By Stacey Bewkes
Kicking off the season with a bang, the 2018 Winter Antiques Show opened with what felt like a reenergized spirit. Many of the booths were more decorative, creating enveloping environments for their collections. This was nothing new for Elle Shushan, whose booth is always charming.
Their display of miniatures is a fetching ode to the power of collecting.
Robert Young Antiques from London, known for their thoughtful presentations, set a fitting stage for their collection of artisanal Folk Art,
and I thought Joan B. Mirviss created a lovely ambiance for their beautiful collection of Japanese fine art.
I especially liked this Ohara Koson Cockatoo woodblock print with its dramatic details and deep embossing.
Bernard & S. Dean Levy‘s booth was lined with a wonderful delft pattern wallpaper which highlighted their collection including a remarkable suite of 11 (from the original set of 16) Federal armchairs originally made for the Beekman family in 1819-20.
The most fully documented set of chairs from the early 19th century, the gallery knows the owners, the maker, the upholsterer (all except four have the original) and even have documentation of the bill of sale. The gilded and painted decoration is original as well.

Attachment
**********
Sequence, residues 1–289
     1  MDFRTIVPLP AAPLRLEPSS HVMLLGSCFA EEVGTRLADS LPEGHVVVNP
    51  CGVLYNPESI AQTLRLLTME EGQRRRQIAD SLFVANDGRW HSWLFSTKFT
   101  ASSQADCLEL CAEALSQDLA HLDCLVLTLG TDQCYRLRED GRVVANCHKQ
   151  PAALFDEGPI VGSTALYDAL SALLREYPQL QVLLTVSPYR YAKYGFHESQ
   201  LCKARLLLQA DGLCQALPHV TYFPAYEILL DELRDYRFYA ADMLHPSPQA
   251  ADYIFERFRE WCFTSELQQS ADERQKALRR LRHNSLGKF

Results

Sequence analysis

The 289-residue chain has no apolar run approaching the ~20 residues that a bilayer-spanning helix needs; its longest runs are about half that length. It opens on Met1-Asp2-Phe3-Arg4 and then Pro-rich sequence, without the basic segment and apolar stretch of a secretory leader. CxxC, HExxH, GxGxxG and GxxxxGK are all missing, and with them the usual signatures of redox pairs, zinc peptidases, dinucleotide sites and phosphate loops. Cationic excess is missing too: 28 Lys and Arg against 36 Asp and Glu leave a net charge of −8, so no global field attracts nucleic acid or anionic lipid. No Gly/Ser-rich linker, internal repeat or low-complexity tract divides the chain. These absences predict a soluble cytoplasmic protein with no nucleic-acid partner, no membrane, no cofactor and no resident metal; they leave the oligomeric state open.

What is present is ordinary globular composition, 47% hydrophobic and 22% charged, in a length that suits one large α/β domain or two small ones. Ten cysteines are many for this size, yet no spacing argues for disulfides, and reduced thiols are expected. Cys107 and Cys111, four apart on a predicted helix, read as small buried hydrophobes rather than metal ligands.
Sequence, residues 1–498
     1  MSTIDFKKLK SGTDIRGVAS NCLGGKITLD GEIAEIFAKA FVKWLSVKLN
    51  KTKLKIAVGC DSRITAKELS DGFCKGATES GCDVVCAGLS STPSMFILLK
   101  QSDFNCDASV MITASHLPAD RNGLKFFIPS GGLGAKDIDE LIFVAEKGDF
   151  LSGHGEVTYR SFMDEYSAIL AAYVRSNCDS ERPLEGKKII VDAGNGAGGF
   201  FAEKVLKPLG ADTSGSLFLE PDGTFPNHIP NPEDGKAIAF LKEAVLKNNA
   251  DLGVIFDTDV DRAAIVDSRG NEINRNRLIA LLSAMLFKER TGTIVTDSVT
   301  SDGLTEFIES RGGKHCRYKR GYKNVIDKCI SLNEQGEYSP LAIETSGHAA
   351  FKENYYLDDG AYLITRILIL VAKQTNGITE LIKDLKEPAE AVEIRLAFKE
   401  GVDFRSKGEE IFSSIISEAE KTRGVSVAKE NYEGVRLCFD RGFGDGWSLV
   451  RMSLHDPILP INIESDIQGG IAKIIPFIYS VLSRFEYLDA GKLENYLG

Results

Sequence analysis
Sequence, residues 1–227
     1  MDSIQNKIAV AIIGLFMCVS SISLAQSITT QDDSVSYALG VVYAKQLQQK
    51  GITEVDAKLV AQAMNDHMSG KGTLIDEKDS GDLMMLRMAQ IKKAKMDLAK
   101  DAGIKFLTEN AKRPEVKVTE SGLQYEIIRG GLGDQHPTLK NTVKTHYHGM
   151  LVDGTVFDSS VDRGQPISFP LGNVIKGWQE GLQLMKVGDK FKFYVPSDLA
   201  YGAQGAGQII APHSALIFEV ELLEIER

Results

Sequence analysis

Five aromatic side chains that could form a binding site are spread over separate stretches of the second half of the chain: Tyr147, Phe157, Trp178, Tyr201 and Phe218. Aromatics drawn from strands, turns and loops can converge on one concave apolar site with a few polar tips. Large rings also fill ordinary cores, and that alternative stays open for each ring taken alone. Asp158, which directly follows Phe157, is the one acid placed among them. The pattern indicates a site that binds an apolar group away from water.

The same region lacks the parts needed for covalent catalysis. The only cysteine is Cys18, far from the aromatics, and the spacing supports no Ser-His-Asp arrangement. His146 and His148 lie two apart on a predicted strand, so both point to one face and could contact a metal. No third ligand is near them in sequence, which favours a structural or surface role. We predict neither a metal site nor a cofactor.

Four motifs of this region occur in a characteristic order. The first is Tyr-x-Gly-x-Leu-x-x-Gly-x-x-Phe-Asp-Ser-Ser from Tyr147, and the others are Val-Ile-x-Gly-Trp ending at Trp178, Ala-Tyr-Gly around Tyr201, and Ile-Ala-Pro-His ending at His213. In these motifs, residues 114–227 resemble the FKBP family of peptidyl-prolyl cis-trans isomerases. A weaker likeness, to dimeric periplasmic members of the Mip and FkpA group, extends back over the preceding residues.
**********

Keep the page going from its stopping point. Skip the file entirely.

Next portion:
The fireplace design emulates the actual Beekman residence (below) which was located at what is now First Avenue and 52nd Street – it only looks a tad different.
This year’s special loan exhibition celebrates a century of art patronage at the Virginia Museum of Fine Arts (VMFA). I was lucky enough to visit this fine museum last year and was so impressed with the incredible Bunny Mellon Schlumberger exhibit that was there then. The collection the Mellon’s bequeathed to the museum comprises over 140 pieces, including the Flower Pot, below, which can be seen at the show. Perfectly expressing the creative collaboration between patron and artist, it is a symbol not only of Bunny’s passions for gardening, beauty and exquisite craftsmanship, but her ability to meld the humble and haute – note within the gold grid base is an actual terra cotta pot.
And speaking of the Mellon’s, one of the most unusual offerings, by Thomas Heneage Art Books, was Paul Mellon’s set of bound Country Life Magazines, from 1897 to 1996, the year he died.
Beautiful bound in ivory leather, with the Oak Spring Farm (their Virginia estate) logo, it would be a fabulous addition to a library or to line a dining room!
Every year, Aronson brings a Delft showstopper. This year, it is a very unusual pair of tulipieres from 1695 with a scalloped and barbed quatrefoil shape and wonderful open-mouth phoenix/griffin head handles.
A more modern rift on blue and white Delft was seen at Jason Jacques with Katsuyo Aoki’s and Shinichiro Kitaura’s giant Trolldom Lucifer (2016-17).
At a mamoth 86-1/2 inches high, it is a rococo confection comprised of glazed porcelain with underglaze cobalt decoration.
Another spin on Dutch tradition was seen at Hirschl & Adler Modern‘s booth with this wonderful Dutch Still Life by American painter Paul Wonner. I was not surprised to see it had already sold.
One of my favorite booths is always Angus Wilkie’s Cove Landing. With an eclectic and distinctive collection of furniture, objets and special finds, there is invariably something fascinating to discover.
I did a little live video tour with Angus of his booth that you can watch on Facebook.